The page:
Last week, we looked at Vermont Lt. Gov. David Zuckerman’s decision to run for governor, setting up a primary contest with former state Secretary of Education Rebecca Holcombe. Since then, Sabato’s Crystal Ball changed their projection for the general election from Likely Republican to Leans Republican. They cited Zuckerman’s history of running in statewide elections as a factor in their decision, saying that he was well-poised to attract voters turning out for the presidential election.
Personal PAC announces endorsements for two challengers in IL House
Personal PAC, a group dedicated to “making sure that Illinois always remains a state where abortion is safe, legal, and accessible to every woman,” announced endorsements across the state. They are endorsing challengers to two sitting state representatives: Yehiel Kalish (District 13) and Thaddeus Jones (District 26). As we reported last week, Kalish faces a primary challenge over his stance on an abortion law.
Primaries for all seats in the Illinois State Legislature will take place on March 17. Across the House, 15 Democratic incumbents face at least one primary challenger. In 2018, eight Democratic incumbents faced primary challengers.
Pennsylvania Rep. receives challenger from the left
Attorney Emily Kinkead (D) announced she would challenge state Rep. Adam Ravenstahl (D-20) in a Democratic primary the Pittsburgh Tribune-Review characterized as part of “a wave of progressive Democrats who in recent years have challenged establishment incumbents in Allegheny County’s Democratic Party.”
Kinkead said that she thought voters in the district were looking for a change, adding that she thinks that District 20 is more progressive than people think. Ravenstahl said he expected a challenge. “That kind of comes with the territory,” he said.
According to the Tribune-Review, Kinkead is following Reps. Summer Lee (D-34) and Sara Innamorato (D-21), who each defeated long-serving Alleghany County incumbents in 2018. Democratic primaries in Pennsylvania will take place on April 28.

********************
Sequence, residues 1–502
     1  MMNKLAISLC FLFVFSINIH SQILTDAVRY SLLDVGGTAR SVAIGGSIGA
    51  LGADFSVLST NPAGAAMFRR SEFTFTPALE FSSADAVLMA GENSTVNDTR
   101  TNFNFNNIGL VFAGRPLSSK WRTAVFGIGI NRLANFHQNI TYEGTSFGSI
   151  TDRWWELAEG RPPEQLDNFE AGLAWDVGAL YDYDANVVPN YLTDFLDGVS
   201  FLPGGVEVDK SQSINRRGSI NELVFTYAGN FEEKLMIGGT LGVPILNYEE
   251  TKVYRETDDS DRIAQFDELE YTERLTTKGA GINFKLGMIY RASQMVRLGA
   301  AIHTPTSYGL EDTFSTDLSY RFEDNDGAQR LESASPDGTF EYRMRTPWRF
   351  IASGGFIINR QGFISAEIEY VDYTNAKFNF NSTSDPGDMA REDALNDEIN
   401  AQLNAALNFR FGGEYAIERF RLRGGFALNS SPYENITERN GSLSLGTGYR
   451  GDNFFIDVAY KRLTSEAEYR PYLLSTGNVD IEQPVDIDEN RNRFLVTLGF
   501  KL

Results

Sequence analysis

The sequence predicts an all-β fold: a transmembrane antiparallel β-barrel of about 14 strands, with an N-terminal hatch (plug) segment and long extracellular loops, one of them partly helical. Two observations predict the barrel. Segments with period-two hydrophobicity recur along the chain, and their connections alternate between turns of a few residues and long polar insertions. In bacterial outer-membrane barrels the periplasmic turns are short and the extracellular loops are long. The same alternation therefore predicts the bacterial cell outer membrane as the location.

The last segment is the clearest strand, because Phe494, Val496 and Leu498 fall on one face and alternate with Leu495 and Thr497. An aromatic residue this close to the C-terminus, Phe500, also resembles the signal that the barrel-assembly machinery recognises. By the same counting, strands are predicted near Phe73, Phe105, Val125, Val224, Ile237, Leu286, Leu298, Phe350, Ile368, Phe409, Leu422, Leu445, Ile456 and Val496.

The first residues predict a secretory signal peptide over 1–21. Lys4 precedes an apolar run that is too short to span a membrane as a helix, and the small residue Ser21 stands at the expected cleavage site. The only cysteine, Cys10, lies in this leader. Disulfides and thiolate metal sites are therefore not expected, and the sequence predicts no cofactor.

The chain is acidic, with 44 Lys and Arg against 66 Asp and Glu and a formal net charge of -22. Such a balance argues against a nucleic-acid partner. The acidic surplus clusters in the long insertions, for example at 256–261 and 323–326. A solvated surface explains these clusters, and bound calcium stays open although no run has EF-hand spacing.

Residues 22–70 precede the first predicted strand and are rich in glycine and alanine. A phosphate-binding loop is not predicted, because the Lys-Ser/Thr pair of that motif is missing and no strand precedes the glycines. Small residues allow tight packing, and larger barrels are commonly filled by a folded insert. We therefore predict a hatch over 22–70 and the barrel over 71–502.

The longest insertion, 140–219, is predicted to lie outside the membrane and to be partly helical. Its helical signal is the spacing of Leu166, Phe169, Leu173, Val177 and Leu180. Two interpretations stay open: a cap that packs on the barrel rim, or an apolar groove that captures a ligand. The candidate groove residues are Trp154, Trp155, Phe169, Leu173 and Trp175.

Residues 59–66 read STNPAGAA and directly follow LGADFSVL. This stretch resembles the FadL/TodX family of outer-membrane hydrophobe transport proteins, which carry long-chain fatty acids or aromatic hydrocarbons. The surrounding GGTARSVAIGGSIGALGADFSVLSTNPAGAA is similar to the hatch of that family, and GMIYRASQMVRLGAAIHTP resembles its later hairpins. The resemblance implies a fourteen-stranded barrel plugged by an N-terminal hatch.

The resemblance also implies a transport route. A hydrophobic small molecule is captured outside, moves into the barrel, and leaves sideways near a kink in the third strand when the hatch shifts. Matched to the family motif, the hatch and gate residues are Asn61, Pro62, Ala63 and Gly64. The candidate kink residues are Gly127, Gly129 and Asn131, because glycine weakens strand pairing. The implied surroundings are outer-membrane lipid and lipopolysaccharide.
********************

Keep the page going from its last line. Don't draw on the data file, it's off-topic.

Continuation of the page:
Nevada Senate caucus makes endorsement in open primary
The Nevada State Senate Democratic Caucus endorsed Roberta Lange, former chair of the Nevada Democratic Party, for a seat held by term-limited Sen. David Parks (D-7). Assemblywoman Ellen Spiegel (D-20) and Assemblyman Richard Carillo (D-18) have both said they plan to run but have not filed for the race. The Nevada Independent called the endorsement “a significant advantage” in the Democratic primary.
Parks has represented District 7 since it was created as a result of redistricting in 2010. He won re-election against a Libertarian candidate 70-30 in 2016 and defeated a Republican challenger 64-35 in 2012. The filing deadline for this election is March 13.
Shevrin Jones receives another endorsement in FL Senate bid
Last week, state Rep. Shevrin Jones received the endorsement of retiring state Sen. Oscar Braynon (D-35) in a five-way primary. This week, he picked up an endorsement from U.S. Rep. Debbie Wasserman Schultz (D). A primary for this race will take place on August 18, and the filing deadline is June 12.
A weekly feature on influencers shaping the direction of the party.
“[The DCCC is] the only political committee in the country whose principal mission is to support Democratic House candidates every step of the way to fortify and expand our new Democratic Majority.” – DCCC website
The Democratic Congressional Campaign Committee (DCCC) is an official subsidiary of the national Democratic Party. As a national political committee, the group makes political contributions to support the election of Democratic candidates to the U.S. House.
In January 2019, the DCCC released an initial list of 33 Republican-held or open seats it would target in 2020. Twelve districts have been added since, six in August 2019 and six in January 2020. For a list of those districts, as well as margins of victory for each district in the 2018, 2016, and 2014 elections, click here.
DCCC programs include the Frontline Program, a partnership between the DCCC and members of Congress designed to protect vulnerable Democratic incumbents, and the Red to Blue program, which provides funding and guidance to candidates seeking election in districts represented by Republicans.
As of December 2019, the DCCC had around $48 million in cash on hand, compared to the National Republican Congressional Committee’s $29 million.